(a) Reputation evidence. In all cases in which evidence of character or a trait of character of a person is admissible, proof may be made by testimony as to reputation. On crossexamination of the reputation witness, inquiry is allowable into specific instances of conduct probative of the character trait in question, except that in criminal cases inquiry into allegations of other criminal misconduct of the accused not resulting in conviction is not permissible.

(b) Specific instances of conduct. Specific instances of conduct are not admissible to prove character or a trait of character, except as follows:

(1) In civil cases where character or a trait of character is admissible as an element of a claim or defense, character may be proved by specific instances of conduct.

(2) In criminal cases where character or a trait of character is admissible under Pa.R.E. 404(a)(2), the accused may prove the complainant's character or trait of character by specific instances of conduct.

Pa.R.E. 405. Unlike federal law, the Pennsylvania rules of evidence do not, and our previous common law evidentiary rules did not, permit personal opinion evidence to establish character. See Comment to Pa.R.E. 405 citing Commonwealth v. Lopinson, 234 A.2d 552 (Pa. 1967), vacated by Lopinson v. Pennsylvania, 392 U.S. 647 (1968).

Opinion evidence is "[a] witness's belief, thought, or inference, about a disputed fact." Black's Law Dictionary (7th Edition 1999). In contrast, reputation evidence is "[e]vidence of what one is thought by others to be." Id. (emphasis added). Accordingly, there is a fine distinction between reputation evidence and opinion evidence. The comment to Fed.R.Evid. 405 highlights that often reputation evidence is merely opinion evidence in disguise. The pertinent federal comment states:

In recognizing opinion as a means of proving character, the rule departs from usual contemporary practice in favor of that of an earlier day. See 7 Wigmore § 1986, pointing out that the earlier practice permitted opinion and arguing strongly for evidence based on personal knowledge and belief as contrasted with "the secondhand, irresponsible product of multiplied guesses and gossip which we term 'reputation'." It seems likely that the persistence of reputation evidence is due to its largely being opinion in disguise.

Comment to Fed.R.Evid. 405. Nonetheless, any reliance on federal law in presenting opinion character evidence is misplaced. See F.R.Evid. 405(a).*fn1 Further, based on recent case law discussing admission of defense character testimony, this Court has employed a strict construction of what constitutes character testimony. In Commonwealth v. Johnson, 27 A.3d 244, 249 (Pa.Super. 2011), the following testimony was taken:

[PCRA Counsel]: [Y]ou say that you know ... [Appellant] has a reputation of being innocent of unlawful sexual intercourse?

[Ms. Yeager]: Yes.

[PCRA Counsel]: What do you mean by that?

[Ms. Yeager]: I just--I mean that he has never done anything to any child or any person that would not be--to harm them or hurt them in any sort of way.

[PCRA Counsel]: Now, what do you mean by having a reputation in the community of being innocent of this crime?

[Ms. Yeager]: He's a well-liked man, so I believe that he's innocent as far as in the community and ...

PCRA Hearing, 10/19/09, at 10-11.

[PCRA Counsel]: Now, you've signed an affidavit saying that you know that [Appellant] has established a reputation in the community as being innocent of unlawful sexual intercourse?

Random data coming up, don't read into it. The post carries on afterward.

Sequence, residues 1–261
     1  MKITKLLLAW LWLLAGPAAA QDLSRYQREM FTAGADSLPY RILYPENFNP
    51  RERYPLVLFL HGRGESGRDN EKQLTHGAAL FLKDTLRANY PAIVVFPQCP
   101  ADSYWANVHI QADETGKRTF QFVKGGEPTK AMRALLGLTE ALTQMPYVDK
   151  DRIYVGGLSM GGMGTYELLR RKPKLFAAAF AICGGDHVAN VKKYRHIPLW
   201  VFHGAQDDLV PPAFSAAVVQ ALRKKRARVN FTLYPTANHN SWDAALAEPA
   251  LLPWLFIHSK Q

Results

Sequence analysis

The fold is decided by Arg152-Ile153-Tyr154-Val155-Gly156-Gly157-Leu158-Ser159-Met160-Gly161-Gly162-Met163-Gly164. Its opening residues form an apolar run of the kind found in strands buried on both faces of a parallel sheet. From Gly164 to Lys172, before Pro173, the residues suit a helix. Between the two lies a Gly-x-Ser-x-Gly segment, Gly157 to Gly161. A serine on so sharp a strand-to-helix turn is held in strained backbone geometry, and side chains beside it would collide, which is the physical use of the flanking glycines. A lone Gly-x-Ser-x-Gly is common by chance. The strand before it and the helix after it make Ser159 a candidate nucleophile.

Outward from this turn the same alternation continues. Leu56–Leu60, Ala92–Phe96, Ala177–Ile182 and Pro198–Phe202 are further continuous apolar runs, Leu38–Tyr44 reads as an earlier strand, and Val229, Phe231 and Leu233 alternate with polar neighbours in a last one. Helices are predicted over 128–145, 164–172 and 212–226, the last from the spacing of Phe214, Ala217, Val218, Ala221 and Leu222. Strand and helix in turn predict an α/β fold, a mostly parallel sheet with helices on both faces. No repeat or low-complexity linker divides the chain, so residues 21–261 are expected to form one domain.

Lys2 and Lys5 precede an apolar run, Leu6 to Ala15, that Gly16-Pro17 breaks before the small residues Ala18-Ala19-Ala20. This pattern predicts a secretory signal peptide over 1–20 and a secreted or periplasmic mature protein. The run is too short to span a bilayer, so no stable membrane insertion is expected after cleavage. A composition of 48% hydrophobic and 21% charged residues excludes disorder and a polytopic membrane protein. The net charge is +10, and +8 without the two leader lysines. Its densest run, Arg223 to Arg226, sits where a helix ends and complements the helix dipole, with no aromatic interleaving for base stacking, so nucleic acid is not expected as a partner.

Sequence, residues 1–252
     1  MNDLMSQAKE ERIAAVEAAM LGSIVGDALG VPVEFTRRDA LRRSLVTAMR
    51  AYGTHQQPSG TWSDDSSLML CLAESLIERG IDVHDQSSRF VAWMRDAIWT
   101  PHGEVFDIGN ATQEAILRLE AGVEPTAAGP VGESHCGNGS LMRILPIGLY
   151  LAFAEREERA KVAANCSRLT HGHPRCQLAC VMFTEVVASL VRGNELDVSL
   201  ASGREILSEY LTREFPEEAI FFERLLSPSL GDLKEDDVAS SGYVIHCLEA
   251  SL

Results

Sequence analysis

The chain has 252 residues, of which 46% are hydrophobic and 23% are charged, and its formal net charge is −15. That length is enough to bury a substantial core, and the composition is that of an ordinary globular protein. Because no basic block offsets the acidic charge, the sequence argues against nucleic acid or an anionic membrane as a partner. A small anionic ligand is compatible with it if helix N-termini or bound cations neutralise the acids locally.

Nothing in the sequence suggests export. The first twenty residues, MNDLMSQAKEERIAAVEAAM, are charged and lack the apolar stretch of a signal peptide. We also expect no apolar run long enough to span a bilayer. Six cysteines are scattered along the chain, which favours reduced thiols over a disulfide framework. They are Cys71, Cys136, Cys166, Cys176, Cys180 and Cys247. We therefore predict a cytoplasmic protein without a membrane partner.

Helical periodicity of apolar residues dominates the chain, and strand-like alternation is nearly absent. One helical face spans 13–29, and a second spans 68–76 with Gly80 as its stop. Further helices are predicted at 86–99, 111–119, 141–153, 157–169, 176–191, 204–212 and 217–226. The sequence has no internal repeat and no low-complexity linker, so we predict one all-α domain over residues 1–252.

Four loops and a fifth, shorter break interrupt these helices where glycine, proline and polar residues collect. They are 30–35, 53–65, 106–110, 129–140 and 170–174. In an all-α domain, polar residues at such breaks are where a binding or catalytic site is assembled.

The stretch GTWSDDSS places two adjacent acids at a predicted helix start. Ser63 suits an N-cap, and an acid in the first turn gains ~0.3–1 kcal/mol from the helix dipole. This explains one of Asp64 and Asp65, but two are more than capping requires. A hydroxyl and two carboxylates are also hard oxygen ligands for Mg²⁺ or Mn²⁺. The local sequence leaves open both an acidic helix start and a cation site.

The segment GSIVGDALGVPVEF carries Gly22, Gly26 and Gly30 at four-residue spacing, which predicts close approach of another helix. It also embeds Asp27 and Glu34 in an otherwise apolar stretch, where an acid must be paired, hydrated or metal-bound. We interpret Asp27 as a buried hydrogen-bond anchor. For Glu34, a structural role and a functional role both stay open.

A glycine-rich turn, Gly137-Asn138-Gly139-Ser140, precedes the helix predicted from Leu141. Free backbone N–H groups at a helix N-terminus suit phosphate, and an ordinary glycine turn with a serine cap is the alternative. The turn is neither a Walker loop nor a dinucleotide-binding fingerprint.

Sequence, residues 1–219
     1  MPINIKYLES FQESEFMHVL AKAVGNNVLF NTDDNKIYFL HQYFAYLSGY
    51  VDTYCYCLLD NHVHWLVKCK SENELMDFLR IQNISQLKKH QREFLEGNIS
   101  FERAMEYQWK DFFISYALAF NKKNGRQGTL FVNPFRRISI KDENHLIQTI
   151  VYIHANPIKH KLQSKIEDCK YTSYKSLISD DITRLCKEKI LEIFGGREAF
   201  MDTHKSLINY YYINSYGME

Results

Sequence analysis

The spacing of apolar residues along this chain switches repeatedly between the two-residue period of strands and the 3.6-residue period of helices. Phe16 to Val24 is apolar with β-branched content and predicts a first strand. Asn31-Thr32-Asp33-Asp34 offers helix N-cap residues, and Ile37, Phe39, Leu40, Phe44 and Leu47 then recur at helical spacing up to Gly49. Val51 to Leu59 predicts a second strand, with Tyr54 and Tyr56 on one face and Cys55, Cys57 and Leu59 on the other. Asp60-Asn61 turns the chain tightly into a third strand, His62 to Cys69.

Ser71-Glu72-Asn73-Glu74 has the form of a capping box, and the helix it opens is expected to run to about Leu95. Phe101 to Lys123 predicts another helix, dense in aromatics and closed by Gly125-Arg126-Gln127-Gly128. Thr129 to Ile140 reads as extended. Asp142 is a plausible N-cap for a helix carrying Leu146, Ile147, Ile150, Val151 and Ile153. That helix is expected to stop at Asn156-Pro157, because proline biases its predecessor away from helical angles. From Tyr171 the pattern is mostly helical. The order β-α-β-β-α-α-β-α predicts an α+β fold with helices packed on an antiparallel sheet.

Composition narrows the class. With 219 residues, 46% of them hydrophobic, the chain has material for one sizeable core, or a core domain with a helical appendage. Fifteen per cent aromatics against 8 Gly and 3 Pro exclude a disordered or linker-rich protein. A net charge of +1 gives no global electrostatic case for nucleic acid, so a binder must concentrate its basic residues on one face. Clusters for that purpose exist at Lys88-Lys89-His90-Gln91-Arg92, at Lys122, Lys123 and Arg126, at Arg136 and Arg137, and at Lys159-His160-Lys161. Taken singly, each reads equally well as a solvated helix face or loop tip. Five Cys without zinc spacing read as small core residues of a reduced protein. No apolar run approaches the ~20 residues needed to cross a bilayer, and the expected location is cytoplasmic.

[Mr. Johnson]: Yes.

[PCRA Counsel]: Can you explain what you mean by that?

[Mr. Johnson]: That he's been around my children and grandchildren and never has anything happened between him and a child.

[PCRA Counsel]: We're talking about his reputation. Have you heard from people in the community about [Appellant's] reputation?

[Mr. Johnson]: Yes.

[PCRA Counsel]: And what is that reputation?

[Mr. Johnson]: That he's an upstanding man. Johnson, supra, at 249.

The majority therein found that this testimony was not reputation evidence because the witnesses "did not specifically comment on [the defendant's] reputation for chastity in the community." Id. Thus, it appears that this Court's position on reputation testimony requires the questioner or the witness to explicitly state that a person has or had a reputation in the community for being whatever the pertinent character trait may be.

Herein, the witness testified as follows:

Q: Do you know Sam Brown [the victim] to be a violent individual?

A: No.

Q: Why do you say "no"?

A: Sam was a very soft-spoken, meek person, very subdued. Never really raised his voice around me or in public. There could have been some instances at his employment where he could have gotten upset or violent, but he didn't.

Q: Have you ever known Sam to engage in any physical altercations?

A: No.

Q: Did you ever know Sam to carry a weapon?

A: No.

N.T., 8/21/08, at 9. Based on Johnson, this evidence falls far short of proper reputation testimony. Further, unlike Johnson, the witness in the instant case did not even purport to testify about the victim's reputation for peacefulness in the community. Compare Commonwealth v. Tran, 453 A.2d 993 (Pa.Super. 1982). Notwithstanding the legal insufficiencies of the witness's testimony, Appellant did not lodge any objection. Rather, as the majority accurately notes, Appellant's sole objection, which was made prior to the Commonwealth's presentation of Sergeant Butts, was to relevance.

The transcript of the trial reveals that Appellant had multiple opportunities to set forth the character evidence objection he now makes on appeal. Specifically, Appellant could have objected when the Commonwealth inartfully posed its questions and Sergeant Butts offered purely personal opinion testimony instead of reputation evidence. Counsel, however, did not object to the form of that testimony or the form of the questions eliciting the evidence. Therefore, I agree that Appellant's sole objection to the Commonwealth's calling of the witness, before the prosecutor even posed a question regarding the prior history of the victim, was plainly insufficient to preserve his contention on appeal.